Monday, October 20, 2014
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When thank you just isn't enough, what do I say? I have found that in college "thank you" is a phrase often felt, but seldom spoken. This is because if we were to critically think of all the people who helped us along the way, we would grow weary with the thoughts. Weary with warm thoughts of people who invest time, money, and wisdom in college students who otherwise would not have the resources to attend institutions of higher learning.

I, for one example, have these feelings toward the Regalettes, Incorporated organization. These women have been a pillar of strength in my life. I am honored to have been a grateful recipient of the Regalettes scholarship each year of my college education. As such, they have given me much more than monetary gifts. The Regalettes scholarship means a bond with women who positively influence this world. I am privileged to know them; and even more for them to desire a relationship with me.

This scholarship means having a support system comprised of talented, ambitious women who provide an extra push when it is needed most. It means having a circle of people who understand the harsh realities a college student faces. They try to alleviate a portion of these stresses by wholly giving of themselves. I can remember calling on the Regalettes for support when I decided to study abroad. I think back to when I called on the Regalettes to speak at my organization's event. I, also, recall a time when all I needed was a word of advice, and found myself drawing on the wealth of knowledge that can be found among the Regalettes organization.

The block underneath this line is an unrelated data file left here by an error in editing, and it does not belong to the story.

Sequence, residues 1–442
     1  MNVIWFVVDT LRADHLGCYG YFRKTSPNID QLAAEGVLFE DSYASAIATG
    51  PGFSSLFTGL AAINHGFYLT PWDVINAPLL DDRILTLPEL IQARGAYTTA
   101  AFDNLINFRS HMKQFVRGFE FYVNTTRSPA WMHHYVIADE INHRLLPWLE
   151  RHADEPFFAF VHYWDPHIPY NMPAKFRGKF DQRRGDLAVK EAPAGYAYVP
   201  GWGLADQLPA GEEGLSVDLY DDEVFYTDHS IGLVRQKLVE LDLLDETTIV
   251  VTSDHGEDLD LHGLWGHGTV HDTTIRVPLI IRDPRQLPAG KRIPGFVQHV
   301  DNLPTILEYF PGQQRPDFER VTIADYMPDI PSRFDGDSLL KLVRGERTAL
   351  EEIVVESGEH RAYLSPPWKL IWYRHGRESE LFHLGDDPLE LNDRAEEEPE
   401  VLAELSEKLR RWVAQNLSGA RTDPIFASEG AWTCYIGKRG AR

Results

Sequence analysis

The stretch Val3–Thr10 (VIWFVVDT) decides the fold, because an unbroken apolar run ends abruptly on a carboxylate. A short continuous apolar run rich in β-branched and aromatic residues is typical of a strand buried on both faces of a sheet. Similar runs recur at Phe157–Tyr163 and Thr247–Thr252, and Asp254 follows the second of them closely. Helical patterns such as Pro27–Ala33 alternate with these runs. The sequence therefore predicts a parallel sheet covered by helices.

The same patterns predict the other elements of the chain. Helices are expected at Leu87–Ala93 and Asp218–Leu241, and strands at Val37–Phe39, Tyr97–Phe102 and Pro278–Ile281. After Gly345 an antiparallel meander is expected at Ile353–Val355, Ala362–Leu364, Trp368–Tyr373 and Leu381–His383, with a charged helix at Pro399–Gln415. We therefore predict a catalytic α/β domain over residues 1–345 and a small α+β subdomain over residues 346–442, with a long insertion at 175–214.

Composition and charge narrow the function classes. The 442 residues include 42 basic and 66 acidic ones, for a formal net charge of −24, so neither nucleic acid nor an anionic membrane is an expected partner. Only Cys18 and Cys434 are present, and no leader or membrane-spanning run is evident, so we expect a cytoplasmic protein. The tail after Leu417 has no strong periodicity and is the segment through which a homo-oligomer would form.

All in all, I find myself advocating on their behalf because they empathize with me when I fall short; and celebrate me when I triumph. The mantra "Each one, teach one" will forever be ingrained in my mind thanks to the teachings of Regalettes, Incorporated. Hopefully, other organizations will learn the significance of being active participants in student's lives.

Money is important, but a price cannot be put on a group that has opinions, that speaks boldly, and that believes in community activism. These are the characteristics of a true scholarship that invests in personal achievement, as scholarships were intended to do. I owe a great deal of my own personal achievements to the Regalettes.

Whenever people ask me how it feels to be a recipient of the Regalettes Scholarship for four consecutive years, my response is always pithy. I say, "The Regalettes are my family, not my investors." If most scholarship organizations can grasp this concept, I believe college hallways would be a lot more crowded.

Category: Education




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